Best Delivery Service In The Uk?

Decorating By MissCakeCrazy Updated 23 Nov 2009 , 5:30pm by MikeRowesHunny

MissCakeCrazy Posted 23 Nov 2009 , 10:06am
post #1 of 10

If I were to send a wedding cake by courier service, which would be the best one to use and are there special companies that transport large delicate items?

9 replies
eilidh Posted 23 Nov 2009 , 11:32am
post #2 of 10

I don't know about cakes but my dad uses a company called Ardvark to courier paintings to London from scotland....they may only do art work though but they may be able to help you.

MissCakeCrazy Posted 23 Nov 2009 , 12:08pm
post #3 of 10

I've just searched for Ardvark on Google and I can't see any in London.

eilidh Posted 23 Nov 2009 , 12:35pm
post #4 of 10

sorry Aardvark courier, think they are nation wide so don't type London. They may only do art but even so calling them they may tell you who can do cakes. Certainly Aardvark do courier v expensive and delicate artwork.

Good luck

MissCakeCrazy Posted 23 Nov 2009 , 12:56pm
post #5 of 10

what does everyone else in London use?

MikeRowesHunny Posted 23 Nov 2009 , 1:31pm
post #6 of 10

I can't help you there, except to say make sure whomever you go with, your cake is insured for its full value! If they mess it up, you B&G will definitely be looking for a refund. Personally, I won't trust anyone else with my cakes, they just don't get how delicate cakes can be! Can you not just drive it yourself & charge appropriate delivery charges (it's not going to be cheap to send anyway!)?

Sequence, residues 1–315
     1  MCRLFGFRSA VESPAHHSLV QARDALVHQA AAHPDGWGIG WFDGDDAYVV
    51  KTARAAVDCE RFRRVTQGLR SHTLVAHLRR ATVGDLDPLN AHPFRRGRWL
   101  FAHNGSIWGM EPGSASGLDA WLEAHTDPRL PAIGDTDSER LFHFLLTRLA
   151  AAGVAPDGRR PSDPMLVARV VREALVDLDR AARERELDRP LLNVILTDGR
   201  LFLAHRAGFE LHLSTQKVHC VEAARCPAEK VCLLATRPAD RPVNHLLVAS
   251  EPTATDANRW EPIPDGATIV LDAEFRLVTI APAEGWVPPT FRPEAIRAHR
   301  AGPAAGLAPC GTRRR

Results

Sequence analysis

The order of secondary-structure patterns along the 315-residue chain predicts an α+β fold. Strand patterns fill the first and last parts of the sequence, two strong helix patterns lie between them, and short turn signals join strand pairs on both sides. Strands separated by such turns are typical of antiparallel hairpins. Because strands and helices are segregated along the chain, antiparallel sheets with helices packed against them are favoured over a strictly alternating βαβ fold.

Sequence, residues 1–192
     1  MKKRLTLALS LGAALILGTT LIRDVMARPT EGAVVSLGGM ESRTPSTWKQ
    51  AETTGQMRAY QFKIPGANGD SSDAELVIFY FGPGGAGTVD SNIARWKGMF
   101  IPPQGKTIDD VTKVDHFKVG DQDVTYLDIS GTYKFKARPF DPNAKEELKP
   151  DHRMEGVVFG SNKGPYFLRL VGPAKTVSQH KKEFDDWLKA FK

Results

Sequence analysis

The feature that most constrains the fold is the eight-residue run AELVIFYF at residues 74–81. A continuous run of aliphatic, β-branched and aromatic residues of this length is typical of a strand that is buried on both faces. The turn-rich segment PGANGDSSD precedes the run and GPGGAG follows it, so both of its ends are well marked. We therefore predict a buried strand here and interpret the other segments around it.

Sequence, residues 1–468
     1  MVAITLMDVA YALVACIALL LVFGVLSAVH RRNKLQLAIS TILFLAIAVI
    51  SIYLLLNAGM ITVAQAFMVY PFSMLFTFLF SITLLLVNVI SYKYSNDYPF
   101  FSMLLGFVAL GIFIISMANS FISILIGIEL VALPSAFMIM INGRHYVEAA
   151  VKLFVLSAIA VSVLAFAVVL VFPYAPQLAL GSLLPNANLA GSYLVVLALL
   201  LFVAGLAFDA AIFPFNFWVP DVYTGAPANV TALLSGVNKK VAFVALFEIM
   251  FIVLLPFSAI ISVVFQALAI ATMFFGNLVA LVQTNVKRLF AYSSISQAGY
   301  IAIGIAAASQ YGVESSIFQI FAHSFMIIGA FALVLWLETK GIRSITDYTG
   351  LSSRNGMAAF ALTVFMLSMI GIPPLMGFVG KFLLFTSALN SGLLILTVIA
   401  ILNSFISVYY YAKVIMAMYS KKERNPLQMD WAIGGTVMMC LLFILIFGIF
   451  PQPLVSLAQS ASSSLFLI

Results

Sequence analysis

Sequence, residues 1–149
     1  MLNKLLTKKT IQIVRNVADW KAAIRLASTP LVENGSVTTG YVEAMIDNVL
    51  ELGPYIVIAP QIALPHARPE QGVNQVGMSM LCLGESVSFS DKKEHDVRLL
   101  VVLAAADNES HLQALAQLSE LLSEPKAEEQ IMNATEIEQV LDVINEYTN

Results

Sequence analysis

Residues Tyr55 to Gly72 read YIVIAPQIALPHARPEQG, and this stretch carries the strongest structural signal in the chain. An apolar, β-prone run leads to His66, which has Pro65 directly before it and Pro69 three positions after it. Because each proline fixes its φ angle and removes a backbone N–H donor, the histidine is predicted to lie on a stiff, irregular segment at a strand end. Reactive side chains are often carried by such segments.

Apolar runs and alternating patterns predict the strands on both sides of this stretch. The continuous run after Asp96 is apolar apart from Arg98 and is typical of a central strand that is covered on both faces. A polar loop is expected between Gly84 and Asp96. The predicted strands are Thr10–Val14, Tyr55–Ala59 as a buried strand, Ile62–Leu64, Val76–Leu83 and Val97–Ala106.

MissCakeCrazy Posted 23 Nov 2009 , 1:40pm
post #7 of 10

I was trying to increase the number of potential customers I get if I offer to go to deliver to other areas. I don't have a car therefore I will have to depend on someone to give me a lift anyway. I thought I might be better off getting a courier. Will i have to pay for the insurance if I make a courier booking or will it be automatically offered to me?

janeoxo Posted 23 Nov 2009 , 1:48pm
post #8 of 10

I would also ensure that you take a photo of the cake as it leaves so you have proof that it was in good condition when it left you.

MissCakeCrazy Posted 23 Nov 2009 , 1:53pm
post #9 of 10

Do you have any tips on how to package it in the box to stop it from moving and also where they sell big strong boxes in the UK?

MikeRowesHunny Posted 23 Nov 2009 , 5:30pm
post #10 of 10
Quote:
Originally Posted by MissCakeCrazy

I was trying to increase the number of potential customers I get if I offer to go to deliver to other areas. I don't have a car therefore I will have to depend on someone to give me a lift anyway. I thought I might be better off getting a courier. Will i have to pay for the insurance if I make a courier booking or will it be automatically offered to me?




Most insure up to a certain amount, if your goods are worth more than that you will need to pay a supplement.

I investigated sending a cake once via FedEx or UPS (can't remember which), and they basically said they were not going to be responsible for something happening to a perishable, delicate food item.

I use boxes like this for stacked cakes - nice and strong:

http://www.craftcompany.co.uk/acatalog/Stacked_Cake_Boxes1.html

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